Tuesday, November 25

Bridging the Gap

Many games today are striving for a seamless, immersive gameplay experience. Alone in the Dark, Dead Space, and Mirror's Edge are good examples. But then there is the other side of the coin, the side upon which video games were built: the statistical, fourth-wall breaking presentation. These are the video games that know they're video games and aren't afraid to let players know too. RPGs and Fighting titles still use stat-tracking heavily. The immersive games, meanwhile, have rid themselves of health-bars and HUDs in the hopes that players can feel emotionally unified with game and character and maintain an unbroken, seamless gameplay experience. Why the intention is noble, and I think successful, immersive games, in shunning their other half, may be losing something that could be equally, if not even more affective, at emotionally reaching players.

Part of Metal Gear Solid's charm has always been its blending of the immersive and the statistical. In Metal Gear Solid 4, Snake wields a plethora of stat-heavy weapons, the HUD has a camo-index to show how well hidden Snake is, the solid-eye offers different vision modes, and so on. But Metal Gear Solid 4 adds another stat too, one that goes miles in creating a tangible, emotion connection between player and character: the psyche gauge.

In Metal Gear Solid 4, the psyche gauge keeps track of Snake's mental and emotional health. When engaged in combat or being hunted down, the alert phase switches on and a stress indicator appears on screen, displayed as a percentage. As Snake engages in combat, his stress level rises, and his psyche gauge depletes. A full psyche gauge means Snake is ready for battle. But as the gauge depletes, Snake becomes distraught, stressed, and nervous; the game screen blurs and Snake's hands begin to shake, making for an unsteady shot.

For gameplay purposes, the psyche gauge tells players they need to find a more comfortable spot soon or eat some noodles or Snake's combat performance will suffer. The gauge even has its own codec frequency, Rose, who as a psychiatrist, explains the psyche gauge in depth and will offer Snake help if players call her when the gauge is low.But the psyche gauge does more than just add a layer of difficulty. As players engage in battle, fighting enemy mercenaries, they feel a certain way. Players feel emotionally stressed when the alert phase is on, whether they're trying to hide from an onslaught of soldiers or shoot every one that comes. And Snake feels stressed too; his stress indicator and psyche gauge very explicitly display this fact. From personal experience and from Rose's explanations, players recognize that Snake's faltering mental state will soon cause him to perform less effectively. As a result, players react with worry and try to replenish Snake's pyche so as to both continue the game and relieve their own stress over dying in-game. Perhaps players also feel bad for Snake, as the psyche gauge allows for easy comprehension of his mental trauma in experiencing the brutalities of war. The psyche gauge, in so accurately and immediately representing Snake's mental health, serves as an emotional bridge between player and character, as players can directly sympathize with Snake's situation.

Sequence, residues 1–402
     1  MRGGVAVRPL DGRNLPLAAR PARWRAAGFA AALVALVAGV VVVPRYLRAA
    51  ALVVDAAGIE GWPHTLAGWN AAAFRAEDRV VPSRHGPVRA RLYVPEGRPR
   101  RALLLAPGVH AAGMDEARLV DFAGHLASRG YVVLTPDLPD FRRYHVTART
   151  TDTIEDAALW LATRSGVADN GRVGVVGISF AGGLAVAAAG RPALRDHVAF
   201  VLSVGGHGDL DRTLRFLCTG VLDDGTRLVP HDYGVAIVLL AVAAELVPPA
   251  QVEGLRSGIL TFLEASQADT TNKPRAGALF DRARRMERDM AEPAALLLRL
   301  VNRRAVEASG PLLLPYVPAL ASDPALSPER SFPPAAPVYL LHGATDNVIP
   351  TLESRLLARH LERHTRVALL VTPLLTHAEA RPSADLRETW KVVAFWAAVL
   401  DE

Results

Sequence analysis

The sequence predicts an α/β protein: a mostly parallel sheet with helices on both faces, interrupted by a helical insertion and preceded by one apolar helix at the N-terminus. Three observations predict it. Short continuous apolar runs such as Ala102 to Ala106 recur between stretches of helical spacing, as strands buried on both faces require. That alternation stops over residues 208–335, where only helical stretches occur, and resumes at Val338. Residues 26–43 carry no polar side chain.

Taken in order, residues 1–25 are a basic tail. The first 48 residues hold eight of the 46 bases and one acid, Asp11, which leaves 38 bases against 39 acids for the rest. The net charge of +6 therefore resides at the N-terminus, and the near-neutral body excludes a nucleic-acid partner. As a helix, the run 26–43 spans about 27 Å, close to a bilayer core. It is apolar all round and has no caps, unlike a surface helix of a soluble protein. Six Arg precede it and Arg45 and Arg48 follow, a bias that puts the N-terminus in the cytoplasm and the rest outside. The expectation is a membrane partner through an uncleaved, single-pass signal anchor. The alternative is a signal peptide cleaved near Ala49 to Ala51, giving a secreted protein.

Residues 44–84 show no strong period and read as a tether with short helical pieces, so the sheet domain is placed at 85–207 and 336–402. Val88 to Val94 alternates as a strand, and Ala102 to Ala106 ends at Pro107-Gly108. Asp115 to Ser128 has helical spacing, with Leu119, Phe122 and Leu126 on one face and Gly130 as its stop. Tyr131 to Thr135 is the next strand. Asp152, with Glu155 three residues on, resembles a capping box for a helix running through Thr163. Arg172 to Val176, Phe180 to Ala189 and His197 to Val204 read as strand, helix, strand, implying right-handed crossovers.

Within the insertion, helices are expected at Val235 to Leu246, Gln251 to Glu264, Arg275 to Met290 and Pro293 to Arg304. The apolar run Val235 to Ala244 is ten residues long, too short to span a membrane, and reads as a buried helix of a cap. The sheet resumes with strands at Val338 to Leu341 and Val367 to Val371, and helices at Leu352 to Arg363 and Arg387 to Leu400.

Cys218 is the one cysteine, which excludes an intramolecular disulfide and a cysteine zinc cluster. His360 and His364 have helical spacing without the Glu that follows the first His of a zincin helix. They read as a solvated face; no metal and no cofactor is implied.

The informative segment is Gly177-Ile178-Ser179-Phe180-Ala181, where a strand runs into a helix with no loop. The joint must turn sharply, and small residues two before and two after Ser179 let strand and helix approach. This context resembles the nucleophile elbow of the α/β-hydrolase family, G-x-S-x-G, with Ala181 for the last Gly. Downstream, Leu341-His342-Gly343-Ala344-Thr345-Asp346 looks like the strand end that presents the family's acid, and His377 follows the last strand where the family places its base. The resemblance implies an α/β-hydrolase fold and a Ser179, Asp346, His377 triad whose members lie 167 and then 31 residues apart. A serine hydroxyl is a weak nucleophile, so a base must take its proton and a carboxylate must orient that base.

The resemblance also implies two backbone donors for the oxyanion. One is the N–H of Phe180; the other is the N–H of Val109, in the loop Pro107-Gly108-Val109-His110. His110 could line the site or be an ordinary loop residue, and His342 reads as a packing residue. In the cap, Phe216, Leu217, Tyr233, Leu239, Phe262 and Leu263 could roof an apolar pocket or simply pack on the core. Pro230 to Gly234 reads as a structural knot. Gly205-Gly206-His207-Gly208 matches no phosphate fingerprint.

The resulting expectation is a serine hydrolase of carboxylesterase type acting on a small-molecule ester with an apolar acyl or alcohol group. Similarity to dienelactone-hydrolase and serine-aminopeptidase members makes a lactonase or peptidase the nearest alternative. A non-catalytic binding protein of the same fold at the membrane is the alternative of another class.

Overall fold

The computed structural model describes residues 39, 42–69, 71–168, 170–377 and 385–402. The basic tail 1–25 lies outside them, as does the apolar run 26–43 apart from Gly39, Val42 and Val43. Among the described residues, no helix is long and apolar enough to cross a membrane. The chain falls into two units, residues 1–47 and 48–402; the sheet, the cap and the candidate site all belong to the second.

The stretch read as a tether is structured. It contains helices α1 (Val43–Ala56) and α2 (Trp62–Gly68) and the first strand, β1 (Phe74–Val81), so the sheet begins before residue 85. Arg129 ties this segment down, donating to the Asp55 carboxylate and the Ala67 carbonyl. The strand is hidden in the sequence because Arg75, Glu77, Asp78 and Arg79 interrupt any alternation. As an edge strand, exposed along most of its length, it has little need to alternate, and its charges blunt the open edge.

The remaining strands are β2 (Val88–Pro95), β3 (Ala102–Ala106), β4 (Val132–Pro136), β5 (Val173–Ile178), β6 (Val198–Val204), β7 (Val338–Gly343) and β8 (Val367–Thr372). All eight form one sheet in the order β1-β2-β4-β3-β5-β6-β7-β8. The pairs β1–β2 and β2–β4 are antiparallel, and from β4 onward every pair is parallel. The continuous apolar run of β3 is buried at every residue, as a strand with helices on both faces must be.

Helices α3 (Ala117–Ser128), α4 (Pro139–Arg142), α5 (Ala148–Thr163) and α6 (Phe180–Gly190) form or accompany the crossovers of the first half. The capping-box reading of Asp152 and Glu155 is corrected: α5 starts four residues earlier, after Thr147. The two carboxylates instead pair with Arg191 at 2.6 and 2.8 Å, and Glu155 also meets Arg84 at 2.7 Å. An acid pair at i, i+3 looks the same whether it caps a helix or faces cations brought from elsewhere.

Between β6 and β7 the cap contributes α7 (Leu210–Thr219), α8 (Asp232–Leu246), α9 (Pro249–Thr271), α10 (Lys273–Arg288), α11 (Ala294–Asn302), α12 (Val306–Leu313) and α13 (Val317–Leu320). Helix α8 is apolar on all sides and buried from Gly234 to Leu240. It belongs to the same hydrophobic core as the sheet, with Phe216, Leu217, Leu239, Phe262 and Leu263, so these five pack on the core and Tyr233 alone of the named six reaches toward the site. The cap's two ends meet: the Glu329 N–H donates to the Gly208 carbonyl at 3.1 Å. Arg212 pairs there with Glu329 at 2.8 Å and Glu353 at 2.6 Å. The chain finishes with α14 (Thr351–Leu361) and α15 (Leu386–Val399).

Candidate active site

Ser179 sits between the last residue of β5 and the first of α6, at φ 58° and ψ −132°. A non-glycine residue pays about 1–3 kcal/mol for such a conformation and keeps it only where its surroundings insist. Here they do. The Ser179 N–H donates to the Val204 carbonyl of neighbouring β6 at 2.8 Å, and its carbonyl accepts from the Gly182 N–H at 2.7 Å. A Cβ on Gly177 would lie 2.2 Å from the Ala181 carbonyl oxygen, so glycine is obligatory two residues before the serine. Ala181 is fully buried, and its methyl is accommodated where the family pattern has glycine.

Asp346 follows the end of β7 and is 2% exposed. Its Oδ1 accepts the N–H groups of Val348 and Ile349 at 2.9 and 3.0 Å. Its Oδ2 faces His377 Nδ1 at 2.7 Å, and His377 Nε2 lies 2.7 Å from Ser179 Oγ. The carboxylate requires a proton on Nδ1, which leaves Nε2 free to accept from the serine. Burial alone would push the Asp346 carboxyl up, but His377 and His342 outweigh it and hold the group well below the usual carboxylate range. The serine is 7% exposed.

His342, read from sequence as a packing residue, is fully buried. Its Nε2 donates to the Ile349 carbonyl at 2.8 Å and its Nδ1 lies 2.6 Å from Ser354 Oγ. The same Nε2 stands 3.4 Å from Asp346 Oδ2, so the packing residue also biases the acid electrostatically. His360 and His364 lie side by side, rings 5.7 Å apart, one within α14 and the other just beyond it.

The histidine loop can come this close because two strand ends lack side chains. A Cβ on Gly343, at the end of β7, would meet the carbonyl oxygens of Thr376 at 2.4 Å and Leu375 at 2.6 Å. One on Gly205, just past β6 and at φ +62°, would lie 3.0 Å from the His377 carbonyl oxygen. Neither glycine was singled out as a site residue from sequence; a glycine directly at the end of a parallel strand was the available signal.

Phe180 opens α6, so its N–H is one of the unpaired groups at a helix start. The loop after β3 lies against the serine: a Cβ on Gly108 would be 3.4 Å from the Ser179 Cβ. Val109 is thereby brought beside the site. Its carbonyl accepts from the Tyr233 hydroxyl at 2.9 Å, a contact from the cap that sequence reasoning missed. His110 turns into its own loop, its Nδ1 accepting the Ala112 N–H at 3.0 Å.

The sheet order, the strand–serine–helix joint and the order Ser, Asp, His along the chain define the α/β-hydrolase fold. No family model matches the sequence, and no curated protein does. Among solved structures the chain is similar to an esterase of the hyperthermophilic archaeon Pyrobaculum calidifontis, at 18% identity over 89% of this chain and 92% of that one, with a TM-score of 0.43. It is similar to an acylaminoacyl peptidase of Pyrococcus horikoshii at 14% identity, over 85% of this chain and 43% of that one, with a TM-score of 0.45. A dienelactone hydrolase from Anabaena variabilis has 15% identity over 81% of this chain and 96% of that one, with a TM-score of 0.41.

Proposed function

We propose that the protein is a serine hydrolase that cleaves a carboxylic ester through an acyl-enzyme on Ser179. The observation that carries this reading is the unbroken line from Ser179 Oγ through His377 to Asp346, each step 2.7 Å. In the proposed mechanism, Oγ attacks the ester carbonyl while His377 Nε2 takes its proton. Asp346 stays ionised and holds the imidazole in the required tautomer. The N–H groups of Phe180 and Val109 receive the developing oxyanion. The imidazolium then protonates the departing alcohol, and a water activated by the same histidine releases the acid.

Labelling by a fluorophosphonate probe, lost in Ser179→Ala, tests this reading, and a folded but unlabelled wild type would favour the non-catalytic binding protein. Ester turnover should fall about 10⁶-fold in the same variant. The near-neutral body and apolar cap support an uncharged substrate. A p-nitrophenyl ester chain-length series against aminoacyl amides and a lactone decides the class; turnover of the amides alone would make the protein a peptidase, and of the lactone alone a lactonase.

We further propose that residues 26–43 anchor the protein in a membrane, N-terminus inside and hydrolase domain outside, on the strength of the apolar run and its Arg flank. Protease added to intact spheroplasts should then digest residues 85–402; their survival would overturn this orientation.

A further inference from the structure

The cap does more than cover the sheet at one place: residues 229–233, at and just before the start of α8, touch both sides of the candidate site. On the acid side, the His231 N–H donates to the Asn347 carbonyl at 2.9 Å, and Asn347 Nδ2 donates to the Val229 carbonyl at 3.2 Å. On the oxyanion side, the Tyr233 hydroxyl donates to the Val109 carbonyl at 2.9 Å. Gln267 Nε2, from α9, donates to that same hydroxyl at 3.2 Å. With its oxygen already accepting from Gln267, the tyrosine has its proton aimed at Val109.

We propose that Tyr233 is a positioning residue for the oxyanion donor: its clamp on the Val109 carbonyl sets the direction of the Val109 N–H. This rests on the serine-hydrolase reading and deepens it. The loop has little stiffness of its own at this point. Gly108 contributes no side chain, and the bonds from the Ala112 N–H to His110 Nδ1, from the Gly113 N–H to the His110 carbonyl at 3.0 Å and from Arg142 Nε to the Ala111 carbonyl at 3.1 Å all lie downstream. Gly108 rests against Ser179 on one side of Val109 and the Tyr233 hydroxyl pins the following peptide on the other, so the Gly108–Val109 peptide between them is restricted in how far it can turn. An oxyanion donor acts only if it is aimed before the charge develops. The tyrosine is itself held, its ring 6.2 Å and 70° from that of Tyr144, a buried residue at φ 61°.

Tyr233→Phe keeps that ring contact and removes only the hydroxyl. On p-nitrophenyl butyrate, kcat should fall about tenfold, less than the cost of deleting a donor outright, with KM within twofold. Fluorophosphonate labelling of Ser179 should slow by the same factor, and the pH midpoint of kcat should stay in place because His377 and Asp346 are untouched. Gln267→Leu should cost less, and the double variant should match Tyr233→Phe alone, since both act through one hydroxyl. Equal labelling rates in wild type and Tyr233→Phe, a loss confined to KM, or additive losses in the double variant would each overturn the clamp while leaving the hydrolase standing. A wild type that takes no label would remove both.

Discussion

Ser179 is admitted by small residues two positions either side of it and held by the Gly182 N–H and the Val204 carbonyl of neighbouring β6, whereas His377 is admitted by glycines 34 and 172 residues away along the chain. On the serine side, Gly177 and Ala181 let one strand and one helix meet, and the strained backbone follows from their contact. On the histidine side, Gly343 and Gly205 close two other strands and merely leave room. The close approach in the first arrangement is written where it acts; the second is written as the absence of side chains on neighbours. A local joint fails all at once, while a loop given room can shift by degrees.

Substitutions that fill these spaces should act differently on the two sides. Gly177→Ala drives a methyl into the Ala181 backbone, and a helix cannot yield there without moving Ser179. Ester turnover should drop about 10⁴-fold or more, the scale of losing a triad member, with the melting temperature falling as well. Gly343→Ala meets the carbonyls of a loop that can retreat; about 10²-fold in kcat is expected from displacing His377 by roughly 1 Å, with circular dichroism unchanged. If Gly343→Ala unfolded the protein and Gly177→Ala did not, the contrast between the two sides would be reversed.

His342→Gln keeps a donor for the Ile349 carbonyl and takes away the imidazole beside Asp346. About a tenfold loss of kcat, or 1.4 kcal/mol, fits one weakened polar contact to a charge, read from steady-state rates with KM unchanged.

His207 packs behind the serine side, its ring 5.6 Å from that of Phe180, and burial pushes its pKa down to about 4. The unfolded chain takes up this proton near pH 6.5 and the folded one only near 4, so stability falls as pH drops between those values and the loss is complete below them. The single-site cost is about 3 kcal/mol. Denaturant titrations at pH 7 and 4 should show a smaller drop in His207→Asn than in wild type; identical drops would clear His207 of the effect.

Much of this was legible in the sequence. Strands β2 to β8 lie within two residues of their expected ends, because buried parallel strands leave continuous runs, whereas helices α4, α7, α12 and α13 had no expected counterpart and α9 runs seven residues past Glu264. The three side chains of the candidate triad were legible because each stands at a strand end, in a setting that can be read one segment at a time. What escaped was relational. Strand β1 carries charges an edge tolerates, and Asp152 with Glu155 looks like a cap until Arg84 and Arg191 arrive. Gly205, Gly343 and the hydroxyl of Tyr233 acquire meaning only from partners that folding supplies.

Players have a love/hate relationship with the story-telling style of the Metal Gear Solid series. The games are both lauded for their amazing cutscenes and wracked for their over-reliance on them. Not much changed for Metal Gear Solid 4; the game still employs cutscenes abound to relay story. But the psyche gauge not only bridges gameplay and cutscene, but also allows for a very real, personal connection between players and Snake.The genius that he is, Kojima chose to carry over the psyche gauge from gameplay to cutscene. In a good number of cutscenes throughout the game, the psyche gauge will suddenly appear and deplete a bar. (SPOILERS!) For example, in a cutscene with Naomi, Snake learns he is to die soon, only after living his last couple of weeks as a walking nuclear weapon. Snake frowns, sighs, and slumps hs shoulders, visually showing his concern. (End Spoilers!) But the psyche gauge also immediately appears on screen and depletes a bar, with a sheeeooo sound effect to boot. The obviously disappointing news and the excellent-quality graphics are plenty able on their own to show Snake's emotional distrought. But the psyche gauge, a feature heavily employed in gameplay, is what really allows us to connect. Having personal experience with the psyche gauge during gameplay, players are able to strongly emotionally connect with Snake's stress and disappointment through the gauge's appearence, and I would argue even more so than through the game's graphics.

The psyche gauge is first a gameplay feature. It tells players that they Snake needs to view a magazine fast or he won't be fit to continue. The true power of the gauge, however, is its direct and clear link between Snake and players; acts as an emotional correlation between the two. As a gameplay feature, the psyche gauge breaks immersion, but it more than makes up for the loss in its capacity for emotional bonding. And though cutscenes are often bashed for their robbing of player control and limited ability to emotionally affect players, the psyche gauge serves to blend cutscene and gameplay and is a tangibly-felt design.

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